Dealing with a Work-at-Home Spouse

Dealing with a Work-at-Home Spouse

It's an adjustment process, all right
by Heidi Hoff


I had a wonderful career before I had children. Once our first daughter came along though, I was glad to leave the fast track behind to stay at home and enjoy all the good and bad that came with raising a child. What I didn't count on, however, was having the added responsibility of looking after a husband who chose to work from home.

Let's face it. Most of us are used to having the house to ourselves (with the kids) during the week. So what would you do if your husband suddenly announced that he's changing careers so he can work from home full time? With the convenience that a good computer and internet access can bring, many men feel they could make a decent living working from home in the comfort of their pajamas. As someone who has been living this way for the past six years, I can provide some expert tips on how to keep from putting your husband in the kids' time out chair.

Will it work financially?

The first thing you and your spouse must decide is if his new career will be economically viable. Sacrifices will have to be made and you may have to adjust your standard of living if he is just starting out. You must also make sure your husband is extremely motivated and is not the kind of person who gives up easily. He has to have a one-track mind that is set on success and will let nothing stand in his way.

Once you have both mapped out a concrete plan and are 100 percent sure his idea has a chance at success, you have to look how your day is scheduled and what needs adjusting to fit in another person. For example, my husband found that he was more productive at night and into the early morning. His late hours meant that I had to keep our two daughters quiet for a few hours in the morning while he slept. This also gave all of us a late start to our day and he ate his breakfast while I was preparing lunch for the rest of the family.

Set up a separate space

It is extremely important that your husband has a separate room or work space away from the family. You must also make this space off limits to your children so daddy isn't constantly interrupted.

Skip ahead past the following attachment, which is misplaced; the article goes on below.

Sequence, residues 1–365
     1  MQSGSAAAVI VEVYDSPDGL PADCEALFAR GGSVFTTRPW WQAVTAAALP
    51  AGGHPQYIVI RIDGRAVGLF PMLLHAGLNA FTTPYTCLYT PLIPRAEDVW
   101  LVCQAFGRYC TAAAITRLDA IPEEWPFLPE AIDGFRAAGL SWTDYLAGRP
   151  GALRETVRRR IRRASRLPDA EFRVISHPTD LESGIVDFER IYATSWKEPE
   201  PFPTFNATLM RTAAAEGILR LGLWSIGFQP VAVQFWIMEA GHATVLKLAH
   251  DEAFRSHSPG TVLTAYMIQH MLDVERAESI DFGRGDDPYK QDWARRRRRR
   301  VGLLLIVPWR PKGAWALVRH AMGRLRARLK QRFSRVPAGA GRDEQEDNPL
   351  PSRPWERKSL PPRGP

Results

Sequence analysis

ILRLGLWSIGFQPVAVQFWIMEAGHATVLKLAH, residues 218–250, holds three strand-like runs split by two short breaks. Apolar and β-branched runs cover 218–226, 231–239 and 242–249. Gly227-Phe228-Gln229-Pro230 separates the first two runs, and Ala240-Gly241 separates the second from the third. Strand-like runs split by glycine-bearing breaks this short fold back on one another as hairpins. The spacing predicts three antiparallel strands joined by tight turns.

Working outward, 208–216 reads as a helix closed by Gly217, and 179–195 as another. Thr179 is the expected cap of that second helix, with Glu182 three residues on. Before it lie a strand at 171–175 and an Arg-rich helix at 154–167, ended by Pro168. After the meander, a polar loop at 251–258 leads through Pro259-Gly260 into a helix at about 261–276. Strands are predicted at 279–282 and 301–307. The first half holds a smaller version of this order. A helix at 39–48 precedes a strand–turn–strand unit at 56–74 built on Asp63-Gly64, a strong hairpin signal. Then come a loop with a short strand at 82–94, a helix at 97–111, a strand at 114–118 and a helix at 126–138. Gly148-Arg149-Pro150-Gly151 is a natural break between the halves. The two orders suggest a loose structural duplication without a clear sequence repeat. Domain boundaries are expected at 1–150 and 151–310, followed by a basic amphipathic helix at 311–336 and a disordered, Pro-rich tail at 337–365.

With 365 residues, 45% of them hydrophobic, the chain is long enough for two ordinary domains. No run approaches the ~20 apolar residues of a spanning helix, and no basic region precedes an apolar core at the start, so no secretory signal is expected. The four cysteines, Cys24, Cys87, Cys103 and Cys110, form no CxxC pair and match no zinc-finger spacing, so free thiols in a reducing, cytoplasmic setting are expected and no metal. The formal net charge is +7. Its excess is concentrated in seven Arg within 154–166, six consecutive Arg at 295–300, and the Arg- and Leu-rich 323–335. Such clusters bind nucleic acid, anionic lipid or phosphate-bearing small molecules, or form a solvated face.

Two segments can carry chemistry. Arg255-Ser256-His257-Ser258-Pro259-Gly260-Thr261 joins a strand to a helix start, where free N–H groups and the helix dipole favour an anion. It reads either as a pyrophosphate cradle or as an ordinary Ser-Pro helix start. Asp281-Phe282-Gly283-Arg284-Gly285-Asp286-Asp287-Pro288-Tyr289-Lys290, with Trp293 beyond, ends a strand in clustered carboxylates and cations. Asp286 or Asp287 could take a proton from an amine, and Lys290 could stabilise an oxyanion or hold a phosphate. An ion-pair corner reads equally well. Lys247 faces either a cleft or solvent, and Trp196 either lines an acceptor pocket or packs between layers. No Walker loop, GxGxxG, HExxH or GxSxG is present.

Encourage your husband to write out a schedule for himself so everyone knows when he's in work mode or not. One of the problems we had was my husband wandering in and out of his office all day making him fair game for the kids, disappointing them when he had to constantly tell them he had work to do.

One of the pitfalls of having a spouse working from home is that the "work" is always there. No more commuting to make the transition from work to home leaves little time for him to wind down. You may have people over for dinner when your husband suddenly feels creative! That leaves you to entertain your guests.

Dealing with resentment

Perhaps one of the biggest issues you'll have to deal with is resentment. You may feel that because your dear man no longer works outside of the home that he gets all the benefits of being at home without contributing more to the household than he did before. You must both decide on the division of chores to make things fair. You must also be able to talk openly with one another when feelings of resentment appear (believe me they will!).

Once a month reassess how things are going. Is everything going according to plan? Is enough money coming in or do you have to cut back on expenditures? Be honest about how things are really going. If you discover that things aren't working out, best to do something about it before you get further into trouble.

There are many positive things about having a husband around the house all day too. You have someone to watch the kids when you have errands to do and our girls have many happy memories picnicking in our back yard with both mommy and daddy. By the way, my husband recently decided that he needed a change and now commutes to work downtown every day. It's a big adjustment, but we'll get used to it!

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